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Thanks for insight JR. Will consider doing some of your suggestions although I feel uncomfortable regarding trying to hide assets. I want the divorce over quick and clean, and from my understanding if you try to hide assets that prolongs the process and you can be screwed over royally if caught. My situation is relatively simple in that there are some assets and no kids so should be an easy division of community property and moving on even if I have to give a bit more on my end. I’ll bounce back but can’t say the same for the soon to be ex. Said she plans to quit her job and travel the world for awhile. And then buy an RV and travel around the US. That’s one of the reasons for the divorce. Imo, you do stuff like when you’re retired not in your 20s/30s.
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Old 03-14-2019, 08:36 AM   #6
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"Take the money and run" --- Steve Miller
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Old 03-14-2019, 01:26 PM   #7
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Easy, go to your local Wal-Mart/Big Box store and purchase something innocuous you use in every day life. Ask for cash back for an extra 20/40/60...whatever makes sense. Lose the receipt, stash the cash for other "things" you'll need later on.
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Old 03-15-2019, 08:37 PM   #8
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Hell, be honest.



Say your wife isn't for shit, so you have been using the money to date and bang broads. Lots of them, sometimes 2 a day and occasionally 2 at once.
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Old 03-15-2019, 10:56 PM   #9
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Not sure you are getting legal advice so far, and I am not a lawyer. I've read these threads before (here and elsewhere).


From my friends: there is no such thing as a "no fault" or "easy" divorce. Don't get sucked in otherwise. Be selfish about your $$ and assets beginning now.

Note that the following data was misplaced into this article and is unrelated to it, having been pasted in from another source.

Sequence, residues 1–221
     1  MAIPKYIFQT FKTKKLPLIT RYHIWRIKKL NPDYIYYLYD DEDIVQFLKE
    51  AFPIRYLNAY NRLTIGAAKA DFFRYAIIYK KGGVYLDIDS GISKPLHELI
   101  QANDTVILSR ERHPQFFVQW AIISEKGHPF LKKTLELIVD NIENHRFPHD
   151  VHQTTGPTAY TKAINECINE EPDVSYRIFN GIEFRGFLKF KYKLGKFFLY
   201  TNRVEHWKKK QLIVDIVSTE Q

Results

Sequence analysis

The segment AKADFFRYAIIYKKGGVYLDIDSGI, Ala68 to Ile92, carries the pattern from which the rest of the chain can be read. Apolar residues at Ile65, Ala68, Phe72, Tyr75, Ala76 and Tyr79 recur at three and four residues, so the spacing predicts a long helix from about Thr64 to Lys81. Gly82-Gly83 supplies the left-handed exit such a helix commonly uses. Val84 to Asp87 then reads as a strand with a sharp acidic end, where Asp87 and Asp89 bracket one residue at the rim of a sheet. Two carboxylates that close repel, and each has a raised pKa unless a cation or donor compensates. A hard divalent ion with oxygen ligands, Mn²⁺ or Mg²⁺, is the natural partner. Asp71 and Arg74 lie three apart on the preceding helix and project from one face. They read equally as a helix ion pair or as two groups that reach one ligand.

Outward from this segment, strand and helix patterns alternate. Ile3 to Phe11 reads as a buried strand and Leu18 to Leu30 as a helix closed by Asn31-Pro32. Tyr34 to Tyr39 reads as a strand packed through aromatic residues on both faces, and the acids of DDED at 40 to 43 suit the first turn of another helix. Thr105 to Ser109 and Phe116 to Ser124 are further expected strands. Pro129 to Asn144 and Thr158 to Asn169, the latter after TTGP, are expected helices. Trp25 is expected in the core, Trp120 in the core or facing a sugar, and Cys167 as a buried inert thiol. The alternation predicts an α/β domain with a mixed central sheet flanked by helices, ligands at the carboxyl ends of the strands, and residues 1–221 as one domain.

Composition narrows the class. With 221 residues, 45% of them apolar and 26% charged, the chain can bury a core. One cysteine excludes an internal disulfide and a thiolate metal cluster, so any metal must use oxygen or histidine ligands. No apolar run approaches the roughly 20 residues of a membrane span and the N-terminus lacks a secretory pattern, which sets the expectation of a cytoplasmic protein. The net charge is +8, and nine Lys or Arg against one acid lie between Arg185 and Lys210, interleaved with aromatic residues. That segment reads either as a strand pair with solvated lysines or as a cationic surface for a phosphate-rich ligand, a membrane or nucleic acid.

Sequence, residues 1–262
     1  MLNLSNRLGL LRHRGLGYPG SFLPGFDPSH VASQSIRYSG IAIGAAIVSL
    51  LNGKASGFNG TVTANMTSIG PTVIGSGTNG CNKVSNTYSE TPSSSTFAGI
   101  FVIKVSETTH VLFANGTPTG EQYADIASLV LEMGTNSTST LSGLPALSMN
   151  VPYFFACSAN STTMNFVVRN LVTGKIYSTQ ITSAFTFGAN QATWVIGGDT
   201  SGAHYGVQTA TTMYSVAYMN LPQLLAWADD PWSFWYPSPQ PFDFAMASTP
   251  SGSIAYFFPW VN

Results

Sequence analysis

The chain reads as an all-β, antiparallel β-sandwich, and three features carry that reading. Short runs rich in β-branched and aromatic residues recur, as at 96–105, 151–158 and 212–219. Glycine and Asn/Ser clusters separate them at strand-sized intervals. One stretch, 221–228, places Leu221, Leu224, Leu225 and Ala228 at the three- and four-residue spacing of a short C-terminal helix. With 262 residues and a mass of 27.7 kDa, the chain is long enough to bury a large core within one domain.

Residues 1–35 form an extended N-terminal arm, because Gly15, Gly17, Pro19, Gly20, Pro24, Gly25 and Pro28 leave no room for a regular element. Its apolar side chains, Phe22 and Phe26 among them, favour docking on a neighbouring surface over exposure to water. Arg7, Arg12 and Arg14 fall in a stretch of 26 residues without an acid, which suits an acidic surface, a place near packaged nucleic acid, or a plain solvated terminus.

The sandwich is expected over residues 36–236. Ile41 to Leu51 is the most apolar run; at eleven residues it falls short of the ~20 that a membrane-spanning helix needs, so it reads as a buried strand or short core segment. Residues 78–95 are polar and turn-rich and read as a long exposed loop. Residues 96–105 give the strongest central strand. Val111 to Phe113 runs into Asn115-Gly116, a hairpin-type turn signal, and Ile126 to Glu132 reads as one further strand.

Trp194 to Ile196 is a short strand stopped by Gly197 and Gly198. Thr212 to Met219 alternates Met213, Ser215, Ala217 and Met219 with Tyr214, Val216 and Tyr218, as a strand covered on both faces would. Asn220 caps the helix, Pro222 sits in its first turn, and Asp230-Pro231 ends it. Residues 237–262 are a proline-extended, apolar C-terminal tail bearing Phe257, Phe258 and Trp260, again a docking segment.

Cash back on purchases can still be traced through the businesses...I think...but that is better than straight ATM withdrawals.



See if you can do work for cash - contract work, etc., that might allow you to put it aside for the pending emergency. I had a small stash at my office (lock on the door that was locked if I wasn't in it, lock on the stash box and I had the only key, and it was hidden in a small "dorm" refrigerator). Protects against minor fire and water damage.



Gambling is a good excuse. Be careful though - if asked to give details you need to be able to provide them as if true. Remember, that is one more lie to track.


Legal advice would be better on your car and debts. Yes, you could consolidate debts with one of those plans that gets a reduced debt but a major credit ding. Yes, you could downsize your car. But, at some point you'll be living on your own and need credit or a car (or one for the other). Be careful of the damage that lives past the divorce event. Plus, if you downsize your car, I'd go from a (just saying) 2018 $50,000 vehicle to a 2018 $20,000 vehicle. Keep it current so you have limited repair and replace costs for the near future. And, the overall repair and replace costs are lower when they hit. I got over 200K miles on my last three vehicles, and they were all econo mid-size cars. No trucks with big-ass tires. Track insurance costs of potential options - keep that cheap also. Visit your local repair shop who does your oil change - see about tire and filter costs. Some cars have absurdly expensive residual maintenance costs compared to their peers in the market.